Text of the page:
If you’ve ever longed for a space that combines coffee, comics, and activism, you’re in luck: these are the super powers of Charlotte, North Carolina’s Comic Girl Coffee. Founded and run collectively by Lara Americo, Ashley Jarrett, Kayla Dance, and Allie Chudoba, the space is dedicated to being by and for coffee lovers of all stripes—especially those who feel marginalized in traditional cafe spaces. In terms of equity, Comic Girl shoots for the stars; not only is it collectively owned, it’s also queer/POC-centered, vegan, and accessible to people of all incomes.
Like so many organizations that exist to center marginalized people in coffee, the impetus for Comic Girl came from the lack of safe spaces for queer and trans people, especially those of color, in the Charlotte area. When the founders noticed that space missing from their lives, they decided to create it themselves. The inspiration came from a bookstore called Firestorm Collective in Asheville, North Carolina. “Firestorm Collective was a dream,” says Americo. “Having a queer safe space in the middle of the Appalachian Mountains was like an oasis in a desert. I knew that there had to be a space like this where I lived. Or else, what’s the point of living there?”
I ask Americo about the unique challenges of running Comic Girl as a cooperative. “Every decision has to be made collectively and all profits are shared,” she says. “Right now, that means we only have the capacity to open on the weekend. We are hoping for more members or for one of us to be able to work full-time so that the store can be open regularly.” The biggest challenge the Comic Girl crew has experienced is finding new co-op members. “We don’t use bank loans and we have no one to bankroll the shop. We are all marginalized people in some way trying to create a space for ourselves. Instead of pouring money into the shop, we have to use free labor until the shop is sustainable. Not everyone is willing or able to work for free in the hopes of future payoff unless they really believe in the concept.”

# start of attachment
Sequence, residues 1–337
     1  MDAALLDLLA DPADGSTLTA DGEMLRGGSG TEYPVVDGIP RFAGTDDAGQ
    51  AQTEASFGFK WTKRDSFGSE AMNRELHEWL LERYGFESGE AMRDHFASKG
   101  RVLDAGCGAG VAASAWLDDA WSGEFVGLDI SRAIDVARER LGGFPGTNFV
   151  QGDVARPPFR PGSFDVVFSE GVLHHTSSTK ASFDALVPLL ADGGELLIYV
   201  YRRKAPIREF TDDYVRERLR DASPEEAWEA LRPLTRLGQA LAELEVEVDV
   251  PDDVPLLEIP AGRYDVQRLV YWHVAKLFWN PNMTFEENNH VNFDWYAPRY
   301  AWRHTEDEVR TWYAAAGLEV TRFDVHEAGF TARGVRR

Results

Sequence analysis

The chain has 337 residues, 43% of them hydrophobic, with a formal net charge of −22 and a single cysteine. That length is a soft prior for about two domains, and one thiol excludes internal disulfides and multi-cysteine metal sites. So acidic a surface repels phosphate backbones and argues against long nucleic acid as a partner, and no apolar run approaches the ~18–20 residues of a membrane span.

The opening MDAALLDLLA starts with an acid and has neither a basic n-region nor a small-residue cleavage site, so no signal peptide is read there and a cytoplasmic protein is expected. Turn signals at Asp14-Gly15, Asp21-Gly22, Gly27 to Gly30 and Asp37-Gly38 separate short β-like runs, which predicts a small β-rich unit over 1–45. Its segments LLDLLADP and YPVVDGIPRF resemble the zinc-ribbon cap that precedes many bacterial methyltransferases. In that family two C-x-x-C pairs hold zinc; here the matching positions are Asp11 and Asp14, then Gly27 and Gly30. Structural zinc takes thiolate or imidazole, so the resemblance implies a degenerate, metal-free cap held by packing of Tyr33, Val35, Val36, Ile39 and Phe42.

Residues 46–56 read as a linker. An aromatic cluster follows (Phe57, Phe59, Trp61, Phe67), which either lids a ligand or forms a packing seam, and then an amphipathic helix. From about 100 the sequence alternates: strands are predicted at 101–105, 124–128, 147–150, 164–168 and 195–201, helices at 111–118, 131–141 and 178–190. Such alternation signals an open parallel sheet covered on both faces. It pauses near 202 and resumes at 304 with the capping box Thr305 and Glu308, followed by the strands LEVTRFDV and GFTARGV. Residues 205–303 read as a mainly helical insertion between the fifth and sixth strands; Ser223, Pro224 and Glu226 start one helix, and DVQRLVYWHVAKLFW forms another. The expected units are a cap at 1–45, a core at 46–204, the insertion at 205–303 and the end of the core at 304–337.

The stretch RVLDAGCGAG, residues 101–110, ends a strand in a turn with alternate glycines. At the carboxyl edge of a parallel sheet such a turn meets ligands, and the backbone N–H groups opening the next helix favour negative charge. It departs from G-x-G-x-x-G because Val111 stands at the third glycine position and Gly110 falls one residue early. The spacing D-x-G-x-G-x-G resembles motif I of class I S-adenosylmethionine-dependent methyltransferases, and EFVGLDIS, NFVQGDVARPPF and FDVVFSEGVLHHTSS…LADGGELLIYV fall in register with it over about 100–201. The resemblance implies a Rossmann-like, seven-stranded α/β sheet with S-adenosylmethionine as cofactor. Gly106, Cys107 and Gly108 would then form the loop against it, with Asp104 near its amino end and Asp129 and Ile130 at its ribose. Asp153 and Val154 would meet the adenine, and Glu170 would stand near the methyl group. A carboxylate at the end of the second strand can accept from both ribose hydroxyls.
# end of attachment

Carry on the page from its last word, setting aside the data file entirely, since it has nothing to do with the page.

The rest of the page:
Another challenge is that it’s not always easy for workers to be their own boss. “Most people are trained from birth to work for someone. It is hard to break out of that mentality.” But she says the benefits are meaningful: “Everyone has an equal say, no one is taken advantage of, no one is told what to do, and no one profits off of other people’s labor.”
When it comes to being vegan, the owners feel strongly about how food production and food access play into equity. “Not many people realize that environmental challenges that mass meat production causes. In North Carolina, drinking water is being contaminated by hog waste. It’s a huge problem,” says Americo. She wants Comic Girl to be a center for food access that doesn’t transfer the harm elsewhere down the line. To make sure the food and beverages are accessible, Comic Girl has a Pay It Forward board, where patrons can purchase magnets that provide drinks and food for other guests who can’t afford to pay.
The books section, which centers writing by and about femmes, people of color, and/or queer people, follows through on this praxis. It’s run primarily on donated books and guests can pay what they want, so that higher-income patrons can support those who have less. They also use the space as a place to build community through events such as queer speed dating and D&D nights. Their goals for the future center on making the space more accessible more often. “We want to be open 24 hours a day in a bigger space,” Americo says. “That way more people to come in crying because they love the space so much.”
Charlotte itself plays a major role in Comic Girl’s mission and existence, providing not only the impetus but the support for the space to exist and succeed. “The local coffee community is a dream,” Americo tells me. “It has been so supportive from the start. Even though we are in competition, the community wants everyone to succeed—the way it should be. There is enough to go around, and somehow, Charlotte’s small coffee community is living that.”
The collective trauma experienced by marginalized communities in Charlotte has also played a part in the development of Comic Girl as a community space over time. This includes the HB2, the anti-transgender bathroom bill, which started in Charlotte, as well as the police shooting of Keith Lamont Scott. “The city is still traumatized in many ways,” says Americo. “Since the shop opened last September, we have seen that healing process happening.”
Comic Girl occupies a unique space, at an equally unique time in Charlotte’s history. But there are universal lessons here as well. The space achieves its inclusivity goals by not hewing towards welcoming any single group. You can be yourself here—no matter who you are—and if you can’t afford a drink that day, the shop’s community has you covered. Sounds like superpowers to me.
All photos courtesy of Comic Girl Coffee.